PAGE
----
Our Wines - 2012 Second Take Grenache
Deep red/purple in the glass the 2011 Yelland & Papps Second Take Whole Bunch Grenache practically jumps out of the glass with vibrant aromas of macerated plums, wild cherry, raspberry, blueberry and just a splash of cranberry lifting the fruit aromas beautifully. Hints of kirsch, fruit cake, orange zest, red licorice, gingerbread, dark chocolate , a waft of frangipani and mocha combine in a complex nose that instantly draw you into the glass and have you salivating for a sip.
At the lighter end of medium-bodied, the initial fruit attack leaves the palate awash with flavours of cranberry, raspberry, red plum an crunchy blueberries that show a supple, velvety presence as the wine flows through to the mid-palate. Hints of ginger-cake, citrus rind, crème de cassis, fruit cake spice, sichuan pepper, purple flowers, mocha and earth come into play giving the wine a complex sheen. There is a energetic, nervy seam of bright, minerally acidity providing great drive across its length which shows ripe, powdery tannins and a savoury twang to the lingering finish.
Have thrown the traditional Australian wine making book out the winery door to practice more old world techniques. New world wine in an old world way….
Crushed 27/03/12, 20% whole bunch, 14 days on skins, put to barrel 10/05/12 for eight months, out of barrel 14/01/13,
17% New French Oak, 83 % Old American Oak in bottle 16/01/13
14 % alc
1530 bottles made
The grapes were dry grown on the out skirts of Greenock, home of some of the most extraordinary grapes. Vines were planted in the early 1960’s in loamy topsoil over soft red clay.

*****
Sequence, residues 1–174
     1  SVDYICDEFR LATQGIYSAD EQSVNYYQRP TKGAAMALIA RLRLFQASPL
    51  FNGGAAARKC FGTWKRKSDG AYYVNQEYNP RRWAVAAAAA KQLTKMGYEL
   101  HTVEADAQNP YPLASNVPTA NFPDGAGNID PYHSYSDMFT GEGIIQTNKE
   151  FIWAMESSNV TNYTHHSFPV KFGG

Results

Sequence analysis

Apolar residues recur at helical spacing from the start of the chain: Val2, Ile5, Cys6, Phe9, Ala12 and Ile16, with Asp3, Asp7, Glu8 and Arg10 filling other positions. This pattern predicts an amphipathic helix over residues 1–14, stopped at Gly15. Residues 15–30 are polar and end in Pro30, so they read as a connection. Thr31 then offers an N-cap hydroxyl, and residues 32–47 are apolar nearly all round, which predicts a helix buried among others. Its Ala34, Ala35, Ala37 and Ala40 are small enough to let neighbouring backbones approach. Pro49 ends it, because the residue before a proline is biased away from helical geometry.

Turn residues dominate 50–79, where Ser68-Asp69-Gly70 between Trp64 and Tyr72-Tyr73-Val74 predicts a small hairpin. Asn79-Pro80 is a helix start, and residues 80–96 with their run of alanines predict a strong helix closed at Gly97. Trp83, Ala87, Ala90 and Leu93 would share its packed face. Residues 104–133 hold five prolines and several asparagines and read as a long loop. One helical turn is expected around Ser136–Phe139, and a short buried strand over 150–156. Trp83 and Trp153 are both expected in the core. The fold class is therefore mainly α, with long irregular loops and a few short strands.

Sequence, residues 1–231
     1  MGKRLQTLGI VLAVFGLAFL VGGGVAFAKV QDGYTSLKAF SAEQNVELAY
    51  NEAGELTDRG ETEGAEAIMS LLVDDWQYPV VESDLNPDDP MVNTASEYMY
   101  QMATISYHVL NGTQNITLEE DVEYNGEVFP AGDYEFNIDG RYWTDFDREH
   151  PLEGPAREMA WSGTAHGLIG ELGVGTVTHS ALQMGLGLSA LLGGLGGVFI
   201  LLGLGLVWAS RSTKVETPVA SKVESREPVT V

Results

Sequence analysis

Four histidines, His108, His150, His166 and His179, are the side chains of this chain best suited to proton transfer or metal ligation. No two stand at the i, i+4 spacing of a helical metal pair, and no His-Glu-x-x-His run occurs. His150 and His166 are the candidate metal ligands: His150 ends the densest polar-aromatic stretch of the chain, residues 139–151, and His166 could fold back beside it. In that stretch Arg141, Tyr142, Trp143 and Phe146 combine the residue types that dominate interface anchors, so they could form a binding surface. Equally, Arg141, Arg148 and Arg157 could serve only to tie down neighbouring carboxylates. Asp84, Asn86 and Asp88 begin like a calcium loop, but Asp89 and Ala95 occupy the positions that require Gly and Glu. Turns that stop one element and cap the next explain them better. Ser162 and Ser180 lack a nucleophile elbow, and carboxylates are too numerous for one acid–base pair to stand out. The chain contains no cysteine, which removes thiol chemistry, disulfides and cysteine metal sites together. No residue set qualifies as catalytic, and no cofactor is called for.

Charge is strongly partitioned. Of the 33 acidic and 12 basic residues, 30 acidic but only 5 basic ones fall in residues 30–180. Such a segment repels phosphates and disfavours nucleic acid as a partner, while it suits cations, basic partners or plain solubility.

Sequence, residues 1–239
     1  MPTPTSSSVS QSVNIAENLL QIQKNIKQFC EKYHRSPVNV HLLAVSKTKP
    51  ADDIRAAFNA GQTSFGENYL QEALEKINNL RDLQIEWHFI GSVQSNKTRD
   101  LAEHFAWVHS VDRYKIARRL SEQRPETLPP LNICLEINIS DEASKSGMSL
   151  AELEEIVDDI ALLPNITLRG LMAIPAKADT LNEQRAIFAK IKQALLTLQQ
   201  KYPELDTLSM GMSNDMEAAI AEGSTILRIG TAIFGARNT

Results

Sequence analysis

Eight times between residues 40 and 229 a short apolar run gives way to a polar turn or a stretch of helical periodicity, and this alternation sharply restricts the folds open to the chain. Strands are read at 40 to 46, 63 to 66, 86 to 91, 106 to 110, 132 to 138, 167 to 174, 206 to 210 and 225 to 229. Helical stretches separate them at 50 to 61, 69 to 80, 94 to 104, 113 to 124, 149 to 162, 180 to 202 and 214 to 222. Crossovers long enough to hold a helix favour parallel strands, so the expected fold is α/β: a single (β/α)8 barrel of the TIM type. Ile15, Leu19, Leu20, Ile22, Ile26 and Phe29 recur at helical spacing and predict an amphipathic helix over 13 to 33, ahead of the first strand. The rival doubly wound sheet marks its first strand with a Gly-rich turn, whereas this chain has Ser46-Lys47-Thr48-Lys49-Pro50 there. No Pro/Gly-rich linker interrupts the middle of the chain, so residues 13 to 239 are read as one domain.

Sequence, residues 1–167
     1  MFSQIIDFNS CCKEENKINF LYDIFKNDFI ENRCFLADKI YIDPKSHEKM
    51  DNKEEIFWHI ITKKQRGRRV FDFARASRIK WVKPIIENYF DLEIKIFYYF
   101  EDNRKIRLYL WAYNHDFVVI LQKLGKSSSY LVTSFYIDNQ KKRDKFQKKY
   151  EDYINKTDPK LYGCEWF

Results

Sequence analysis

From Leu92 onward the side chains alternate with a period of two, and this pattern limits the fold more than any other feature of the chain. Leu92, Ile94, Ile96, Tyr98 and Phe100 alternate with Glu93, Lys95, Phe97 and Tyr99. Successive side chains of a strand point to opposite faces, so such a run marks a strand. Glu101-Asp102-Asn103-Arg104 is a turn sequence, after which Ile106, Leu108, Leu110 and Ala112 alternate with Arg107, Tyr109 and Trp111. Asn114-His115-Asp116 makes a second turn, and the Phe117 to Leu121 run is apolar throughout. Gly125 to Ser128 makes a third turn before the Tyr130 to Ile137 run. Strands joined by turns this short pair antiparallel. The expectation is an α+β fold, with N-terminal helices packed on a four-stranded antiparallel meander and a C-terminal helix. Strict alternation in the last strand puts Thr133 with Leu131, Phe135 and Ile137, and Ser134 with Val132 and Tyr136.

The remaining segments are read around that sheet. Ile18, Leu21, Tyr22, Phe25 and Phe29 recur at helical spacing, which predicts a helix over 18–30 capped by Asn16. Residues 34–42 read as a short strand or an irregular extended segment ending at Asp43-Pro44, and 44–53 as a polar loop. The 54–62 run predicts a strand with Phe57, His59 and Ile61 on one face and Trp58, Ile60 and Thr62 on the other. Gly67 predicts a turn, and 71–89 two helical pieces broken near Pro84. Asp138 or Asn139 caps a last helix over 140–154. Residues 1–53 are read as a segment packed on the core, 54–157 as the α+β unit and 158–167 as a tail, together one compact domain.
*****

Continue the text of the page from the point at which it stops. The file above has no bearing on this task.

Cropped at 2.2 tonnes per acre, the vineyard was hand picked on 26th March when optimum flavours and balance were achieved in the grape.
- 92+ - Gary Walsh - Wine Front
- 93+ - Philip White - In Daily / Drinkster
PRICKLY, bright and wild, here goes Grenache in a feral left-turn that throws the hairy
gauntlet at the McLaren Vale proficianados and it serves vividly to show how much
edgy natural flavour and perfume is removed from our grasp by the mindless industrial
repetition of Adelaide University winemaking dogma. The acid here’s not quite as
oxalic as the Roussanne, but it’s out in that direction. It reminds me much of some of
the early Pinots of Bass Phillip with that acid structure and faint cloud of tannin floating
above, like in the very best alpine Nebbiolo. Below that nebbia is the welling essence of
Marello cherry, with its tantalising bittersweet seesaw of flavour, so while it’s one step
closer to the Equator than sharp-end Pinot, this wine pushes my belief that the best
Grenache from the South Mount Lofty Ranges, which include McLaren Vale and the
Barossa, will always be made with Burgundy locked in mind. Not Adelaide University.
- 93 Very Good - Jeremy Pringle - Wine Will Eat Itself
- Steve Leszczynski - Q Wine
- 92 - Very Good - Stuart Robinson - The Vinsomniac
- 94 - James Halliday - James Halliday Wine Companion 2014
- Bronze - panel - Barossa Wine Show